Now back to the river cruise, I didn’t have a London pass so paid the regular fare, it’s quite a slow trip up The Thames and we arrived an hour later at Westminster.



The boat made a stop at Tower, the pier next to the Tower of London. That's the White Tower in the centre, the oldest part of the Tower and where the crown jewels are kept. (The tide was out so the banks of the river are clearly seen)


The Globe Theatre, it is a recreation as the original one burnt down in the 17th century. Well worth visiting and even seeing a performance of a Shakespearean play. It's open air with a standing area in front of the stage, performances don't get cancelled if it rains, and no umbrellas allowed! There are seated sections under the roof, just further from the stage.
Another stop, St Katherine's docks with one of my favourite modern buildings in the background. The 'gerhkin'!


Another favoured modern building, The Shard.


Nineteenth century architecture, alongside twenty-first century architecture. The Shard and Tower Bridge.


Cleopatra's Needle

I have a nostalgic soft spot for Cleopatra's Needle. It was the first tourist attraction I ever saw on my first trip to London. It's just near Embankment station, which was where the trains from Gravesend would (still?) arrive into London. For my first trip to the UK I had gone to stay with a friend of mine who was working in the UK for a year. I stayed in Gravesend, whose claim to fame as I discovered was that it was the burial place of Pocahontas. I came across her statue down by a river park, she died on a boat that was moored at the docks there and was buried in the town.

So back to Cleopatra's Needle, first trip to London, walked out of the train station with my friend who was playing tour guide and as we walked along the river we immediately came across Cleopatra's Needle. I had my first "I'm in London" photo taken alongside one of the lions.

Three 'needles' were removed from Egypt, the most well known to me at least is the one in Place de la Concorde in Paris. Researching Cleopatra's Needle the other day I discovered that it has a 'twin' which is in Central Park in New York. The Paris needle's 'twin' is still in Egypt, these needles were placed at temple entrances.



Heading into Westminster pier, the Palace at Westminster (British parliament building) and 'Big Ben' really the tower that houses Big Ben the bell. A good view, once you get very close, the area around, including the bridge, is full of people taking photos of themselves with Big Ben!


Sunday, 16 August 2015

The Cutty Sark, Greenwich

Greenwich, The Cutty Sark and Royal Observatory

Let's go across The Thames.

It’s easy to make repeat visits to London and either discover new parts of it or revisit an area a few years later to see the changes in it. Greenwich is one of those areas for me, I was last there 5 years ago. It’s a nice trip out there as you catch the DLR (Docklands Light Railway), which is an automated train. There’s no driver so you can sit at the front and pretend to drive the train! Going through the Canary Wharf business area is fascinating too as that’s where the major London skyscrapers are.

The Cutty Sark against a typically grey London sky!

For this visit I wanted to see the Cutty Sark, it was being restored last time I visited. The Cutty Sark, was built in 1869, it one of the last of the tea clippers, at the time when sail gave way to steamships. Tea clippers sailed to China, the opening of the Suez Canal (also in 1869) meant that steamships could make the trip to China quickly but sailing ships struggled in the canal.(research!)
Below decks, showing how the tea was transported in chests.The squares on the floor representing more cargo, the storage areas were full.

The white iron frames are original, the others are newer restorations.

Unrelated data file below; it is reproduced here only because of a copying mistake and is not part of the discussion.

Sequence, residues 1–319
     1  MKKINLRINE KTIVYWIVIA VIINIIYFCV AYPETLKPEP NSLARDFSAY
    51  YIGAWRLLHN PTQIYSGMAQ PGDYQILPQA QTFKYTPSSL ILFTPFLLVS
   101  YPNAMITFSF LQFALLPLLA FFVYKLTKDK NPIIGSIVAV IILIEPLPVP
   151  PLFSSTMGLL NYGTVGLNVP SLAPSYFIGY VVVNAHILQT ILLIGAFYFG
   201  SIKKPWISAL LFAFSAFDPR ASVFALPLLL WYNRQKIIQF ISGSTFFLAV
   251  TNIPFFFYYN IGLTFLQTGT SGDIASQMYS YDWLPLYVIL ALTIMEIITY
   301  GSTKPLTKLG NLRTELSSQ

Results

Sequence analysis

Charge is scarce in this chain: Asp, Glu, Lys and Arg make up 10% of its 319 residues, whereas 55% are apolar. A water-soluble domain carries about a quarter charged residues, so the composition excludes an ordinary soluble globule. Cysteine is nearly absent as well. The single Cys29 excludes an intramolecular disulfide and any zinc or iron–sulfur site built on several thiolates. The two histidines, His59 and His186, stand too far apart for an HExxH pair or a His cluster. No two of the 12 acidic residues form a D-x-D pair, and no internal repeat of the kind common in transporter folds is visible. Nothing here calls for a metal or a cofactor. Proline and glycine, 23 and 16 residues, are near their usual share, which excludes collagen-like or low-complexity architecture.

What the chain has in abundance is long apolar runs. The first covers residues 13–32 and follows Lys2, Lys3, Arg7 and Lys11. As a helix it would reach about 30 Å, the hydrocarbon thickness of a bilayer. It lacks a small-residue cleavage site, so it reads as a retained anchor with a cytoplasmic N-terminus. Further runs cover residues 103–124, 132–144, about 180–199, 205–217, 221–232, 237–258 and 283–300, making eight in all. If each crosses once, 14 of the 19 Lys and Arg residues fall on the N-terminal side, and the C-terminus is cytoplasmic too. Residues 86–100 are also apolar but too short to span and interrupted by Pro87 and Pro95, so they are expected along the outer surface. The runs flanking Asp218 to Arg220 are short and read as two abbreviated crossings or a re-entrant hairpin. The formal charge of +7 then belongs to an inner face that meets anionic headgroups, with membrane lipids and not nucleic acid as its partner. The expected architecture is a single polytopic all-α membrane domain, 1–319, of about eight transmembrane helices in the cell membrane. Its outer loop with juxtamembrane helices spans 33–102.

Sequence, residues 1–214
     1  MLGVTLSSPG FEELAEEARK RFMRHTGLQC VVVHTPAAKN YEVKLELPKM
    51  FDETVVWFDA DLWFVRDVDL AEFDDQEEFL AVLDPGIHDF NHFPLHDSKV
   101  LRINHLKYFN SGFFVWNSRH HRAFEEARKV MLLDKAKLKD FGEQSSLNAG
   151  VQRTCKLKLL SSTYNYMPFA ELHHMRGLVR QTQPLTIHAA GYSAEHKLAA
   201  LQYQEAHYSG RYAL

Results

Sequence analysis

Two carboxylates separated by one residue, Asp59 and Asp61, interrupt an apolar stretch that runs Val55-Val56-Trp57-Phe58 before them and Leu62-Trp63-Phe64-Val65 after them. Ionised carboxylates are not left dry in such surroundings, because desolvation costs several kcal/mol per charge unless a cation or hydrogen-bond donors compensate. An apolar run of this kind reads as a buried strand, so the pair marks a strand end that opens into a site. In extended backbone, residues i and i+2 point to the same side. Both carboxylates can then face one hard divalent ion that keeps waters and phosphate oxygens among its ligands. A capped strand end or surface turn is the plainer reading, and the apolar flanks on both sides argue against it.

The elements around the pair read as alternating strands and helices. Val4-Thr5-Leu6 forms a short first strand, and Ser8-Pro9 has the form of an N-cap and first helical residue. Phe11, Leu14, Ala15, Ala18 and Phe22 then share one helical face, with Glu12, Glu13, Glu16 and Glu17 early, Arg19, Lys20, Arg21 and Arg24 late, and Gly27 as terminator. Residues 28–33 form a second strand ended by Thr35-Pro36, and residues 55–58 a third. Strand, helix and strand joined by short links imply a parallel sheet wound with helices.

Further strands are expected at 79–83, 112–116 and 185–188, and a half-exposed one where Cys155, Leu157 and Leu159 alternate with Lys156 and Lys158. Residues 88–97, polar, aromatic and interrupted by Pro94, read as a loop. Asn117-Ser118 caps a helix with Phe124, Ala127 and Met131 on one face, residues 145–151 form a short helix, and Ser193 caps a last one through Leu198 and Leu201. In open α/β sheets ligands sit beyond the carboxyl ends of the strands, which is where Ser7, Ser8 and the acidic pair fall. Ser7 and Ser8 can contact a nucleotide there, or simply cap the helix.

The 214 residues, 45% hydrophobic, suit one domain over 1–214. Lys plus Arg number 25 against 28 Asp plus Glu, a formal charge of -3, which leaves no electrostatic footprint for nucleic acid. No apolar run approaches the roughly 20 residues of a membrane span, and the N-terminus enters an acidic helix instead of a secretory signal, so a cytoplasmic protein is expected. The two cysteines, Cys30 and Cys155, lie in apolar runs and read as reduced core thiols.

The Cutty Sark only spent a few years as a tea clipper before turning to the trade in wool. The trip to Australia was made by going around Africa and a clipper had the necessary speed to do the trip quickly. 

Wool bales that would get transported from Australia to the UK.

The Cutty Sark held the record for 10 years for the fastest trip to Australia. Reading the signs I found out that  ‘clipper’ came from North American slang ‘to go a clip’ to go fast, the ships were fast and so were named clippers.

Helpful map showing its voyages.

The Cutty Sark is only one of 3 remaining composite construction clippers, wooden hull on iron frame, the others are the City of Adelaide, which recently arrived back in Port Adelaide after a rather long campaign to save it. (It’s not restored, just the hull) and the skeleton of Ambassador in Chile. Adelaide historians had a long campaign to buy and transport the City of Adelaide back to Australia, the ship’s connection with Adelaide (beside its name!) was that it carried a large number of British migrants to South Australia.

The shipping trade was eventually taken over by steamships, the Cutty Sark became a training vessel for cadets and then in 1954 was transferred to Greenwich where she was put on permanent display.

View from the bow, pointing directly to the Canary Wharf skyscrapers.

First Mates' cabin

The Galley

Dining?


It’s possible to buy a combined ticket for the Cutty Sark and the Royal Observatory so that’s what I chose to do. King Charles II founded royal observatory in 1675 and if you’re particularly interested in astronomy and the measurement of time, this is the museum for you. Unfortunately I’m not! So it was a bit wasted on me, (hence zero pictures!) but it’s the location of the Prime Meridian so worth visiting just to say you’ve stood on it! My last visit to Greenwich I couldn’t make it up the hill to the Observatory as I was in a moonboot due to the fact that a few weeks earlier I had ruptured my Achilles tendon! That wasn’t going to stop my travelling, I stomped around Europe for a week, it just curtailed the major walking parts!

The Prime Meridian, people were lined up to take their photos with one leg on each side of the line! It took quick timing to get a photo with no-one standing at the sculpture. Looking through the fence on the left, you can see what was known as the 'Millennium Dome' built to commemorate the new century. It never took off and has been converted to a concert venue called O2 Arena.

Looking down from the Royal Observatory to the Maritime Museum with a skyscraper background.

I didn’t visit the National Maritime Museum this time. (Pro tips here. Too many museums at the same time tends to museum you out!) I had been on my last visit and it’s well worth seeing, the chapel is really lovely.